Wise, skilled negotiators and facilitators are necessary in order to

bring these people to the table, to keep them at the table, and to find a

kind of consensus along those lines.

The decision of the ICC

to indict the leaders of the

LRA without consultation

has two consequences: these

people are now attacking

us and you are removing

political space in order to

find a political solution.

FORUM: Currently the talks are being mediated by the African Union; the

UN are just observers. Should the UN take on a bigger role?

PRONK: Well, the decision has been made by the Security Council, and

the Security Council accepts the African Union as the main facilitator, and

that's the way it is. We shouldn't try to change horses during the race. And

the AU has the advantage of also having the troops on the ground—also

at the request of the Security Council. They'll do it in an integrated fashion,

politically as well as militarily. We are working very closely with the

African Union to get support from the international community to

finance the troops. We facilitate also—or cofacilitate—the workings of the

mediator, Mr. [Salim Ahmed] Salim, who by the way is a very experienced

international negotiator and the former minister of foreign affairs of

Tanzania, the former executive secretary of the African Union, and a presidential

candidate in Tanzania in the past, so it's not necessary to bring

others in.

FORUM: But at the same time, there's been a number of reports suggesting that

African Union forces are unable to control the situation in Darfur. Given this,

will the UN take over operations in Darfur at some stage in the future?

PRONK: Well, they can't control it because they are not big enough, and

if the UN were as big as they are at the moment, we couldn't either, no?

You need more people. All the African forces whom I meet in the field are

quite dedicated and also quite skilled.

The African soldiers and commanders

are good and sometimes even better

than Westerners because they know the

situation and how to talk with the parties,

making it easier to reconcile [differences].

And if you think that you can

come in with a strong force from outside

just using force and heavy equipment,

then you are mistaken. You

cannot enforce peace from outside on

this nation, which has been ridden by

violence for centuries. You have to talk and talk and mediate and reconcile

and address the root causes of the conflict. That requires much more

than the use of force—that is to say, an integrated approach. That [integrated

approach] is not something the African Union can do, that is what

we can do.

If you think that you can

come in with a strong force

from outside just using

force and heavy equipment,

then you are mistaken. You

cannot enforce peace from

outside on this nation.

But you have to bring in a bigger force, not just to keep the fighting

parties away from each other, because the ceasefire more or less is being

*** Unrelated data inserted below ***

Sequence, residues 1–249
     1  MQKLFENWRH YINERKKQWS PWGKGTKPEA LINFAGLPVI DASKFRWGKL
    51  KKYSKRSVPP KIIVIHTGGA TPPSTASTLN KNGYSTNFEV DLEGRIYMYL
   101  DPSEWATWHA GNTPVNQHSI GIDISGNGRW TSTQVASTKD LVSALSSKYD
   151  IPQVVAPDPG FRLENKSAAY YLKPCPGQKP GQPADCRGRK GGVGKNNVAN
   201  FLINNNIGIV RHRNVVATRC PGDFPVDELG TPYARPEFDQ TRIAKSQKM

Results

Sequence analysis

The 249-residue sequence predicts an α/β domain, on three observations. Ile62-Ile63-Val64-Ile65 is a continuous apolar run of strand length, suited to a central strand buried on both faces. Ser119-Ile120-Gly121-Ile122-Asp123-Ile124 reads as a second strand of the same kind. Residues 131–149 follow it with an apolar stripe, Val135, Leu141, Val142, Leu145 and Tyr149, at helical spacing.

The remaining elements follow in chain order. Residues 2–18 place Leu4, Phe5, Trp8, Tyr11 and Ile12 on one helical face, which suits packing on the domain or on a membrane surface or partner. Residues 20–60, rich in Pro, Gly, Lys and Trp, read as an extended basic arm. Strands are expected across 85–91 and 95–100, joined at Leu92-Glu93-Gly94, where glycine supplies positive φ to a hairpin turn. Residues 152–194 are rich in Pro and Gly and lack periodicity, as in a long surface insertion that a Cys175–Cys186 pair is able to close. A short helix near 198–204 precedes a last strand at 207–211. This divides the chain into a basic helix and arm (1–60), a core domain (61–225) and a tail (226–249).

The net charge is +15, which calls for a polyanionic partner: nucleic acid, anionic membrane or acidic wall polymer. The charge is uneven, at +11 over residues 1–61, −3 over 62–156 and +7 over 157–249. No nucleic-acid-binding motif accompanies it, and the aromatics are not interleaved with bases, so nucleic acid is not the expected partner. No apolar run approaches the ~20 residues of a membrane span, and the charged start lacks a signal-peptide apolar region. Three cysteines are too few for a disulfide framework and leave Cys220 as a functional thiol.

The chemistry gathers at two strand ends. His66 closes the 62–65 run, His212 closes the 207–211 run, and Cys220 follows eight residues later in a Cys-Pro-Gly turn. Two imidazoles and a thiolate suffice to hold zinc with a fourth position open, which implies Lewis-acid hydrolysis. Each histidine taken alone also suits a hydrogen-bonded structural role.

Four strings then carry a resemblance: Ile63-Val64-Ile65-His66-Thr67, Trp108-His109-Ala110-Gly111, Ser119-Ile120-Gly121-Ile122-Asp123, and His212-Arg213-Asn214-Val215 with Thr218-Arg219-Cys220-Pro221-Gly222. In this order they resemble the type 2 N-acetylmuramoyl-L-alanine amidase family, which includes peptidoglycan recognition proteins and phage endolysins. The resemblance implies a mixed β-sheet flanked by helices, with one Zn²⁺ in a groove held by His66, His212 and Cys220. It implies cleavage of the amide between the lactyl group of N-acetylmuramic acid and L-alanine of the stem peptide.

kept, but to disarm the Janjaweed, stop the Arab militia, and safeguard the

villages, where people have to return to after a peace agreement, which

may lead to the start of the return of all IDPs [internally displaced persons]

from the camps. That is why you need troops, not to fight, but to protect

by a physically really visual and deterrent presence.

FORUM: So does that mean there is a role for the UN in Darfur—a bigger

role than they play at the moment?

PRONK: If the African Union continues to be dependent on pledges by

other countries on a three-month basis,

it can't work because peacekeeping operations

take years, and you have to plan

ahead. And if the African Union cannot

bring more than 7,000 [troops], then it

is not enough. I assume that after the

peace agreement is reached, the international

community and the Security

Council—together, by the way, with the

African Peace and Security Council—will reconsider the present security

arrangements, and that may imply a greater role for the UN. But that's not

for me to decide, that's for the Security Council, that's for New York.

FORUM: In an article in this edition of The Forum, Professor O'Fahey points

to the relatively short history of Darfur within the modern Sudan and wonders

whether Darfur's future lies within or merely with the Sudan. Do you

have any views—where do you see Darfur's future?

PRONK: I would question whether the history of Darfur is so short.

Darfur has been a power—internally divided, of course—in the history of

the Sudan for centuries. And to a certain extent, this is also a conflict

between Darfur and the other part of the northern Sudan. After an agreement

on the devolution of powers that will lead to decentralization (I don't

want to use the word “autonomy”), I hope it will be possible to have a

Sudan with a great deal of delegation and differentiation within one state.

The Sudan is the biggest country in Africa, bordering nine different countries.

Keep it one state.

The Sudan can learn from many other countries, both in Africa as

well as in Western countries: stay one state. My mandate is to make unity

A reconsideration of present

security arrangements in

Darfur may imply a

greater role for the UN.

the attractive option because as soon as you get separation, there are two

problems: first, not everybody will accept separation. Second, as soon as

you get separation in this country, other groups in other countries see that